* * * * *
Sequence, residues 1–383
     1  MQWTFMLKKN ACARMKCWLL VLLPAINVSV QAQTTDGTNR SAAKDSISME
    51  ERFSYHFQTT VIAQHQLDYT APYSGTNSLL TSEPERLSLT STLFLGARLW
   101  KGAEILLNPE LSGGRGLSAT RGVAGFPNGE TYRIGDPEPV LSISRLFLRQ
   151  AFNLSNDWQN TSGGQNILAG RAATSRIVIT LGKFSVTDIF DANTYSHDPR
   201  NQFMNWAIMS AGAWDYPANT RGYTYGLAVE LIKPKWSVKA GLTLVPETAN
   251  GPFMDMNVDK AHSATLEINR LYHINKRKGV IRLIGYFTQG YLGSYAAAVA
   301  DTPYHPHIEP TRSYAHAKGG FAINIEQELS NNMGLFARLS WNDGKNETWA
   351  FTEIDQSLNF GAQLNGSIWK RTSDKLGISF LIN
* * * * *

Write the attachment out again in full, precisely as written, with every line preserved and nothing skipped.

Sequence, residues 1–383
     1  MQWTFMLKKN ACARMKCWLL VLLPAINVSV QAQTTDGTNR SAAKDSISME
    51  ERFSYHFQTT VIAQHQLDYT APYSGTNSLL TSEPERLSLT STLFLGARLW
   101  KGAEILLNPE LSGGRGLSAT RGVAGFPNGE TYRIGDPEPV LSISRLFLRQ
   151  AFNLSNDWQN TSGGQNILAG RAATSRIVIT LGKFSVTDIF DANTYSHDPR
   201  NQFMNWAIMS AGAWDYPANT RGYTYGLAVE LIKPKWSVKA GLTLVPETAN
   251  GPFMDMNVDK AHSATLEINR LYHINKRKGV IRLIGYFTQG YLGSYAAAVA
   301  DTPYHPHIEP TRSYAHAKGG FAINIEQELS NNMGLFARLS WNDGKNETWA
   351  FTEIDQSLNF GAQLNGSIWK RTSDKLGISF LIN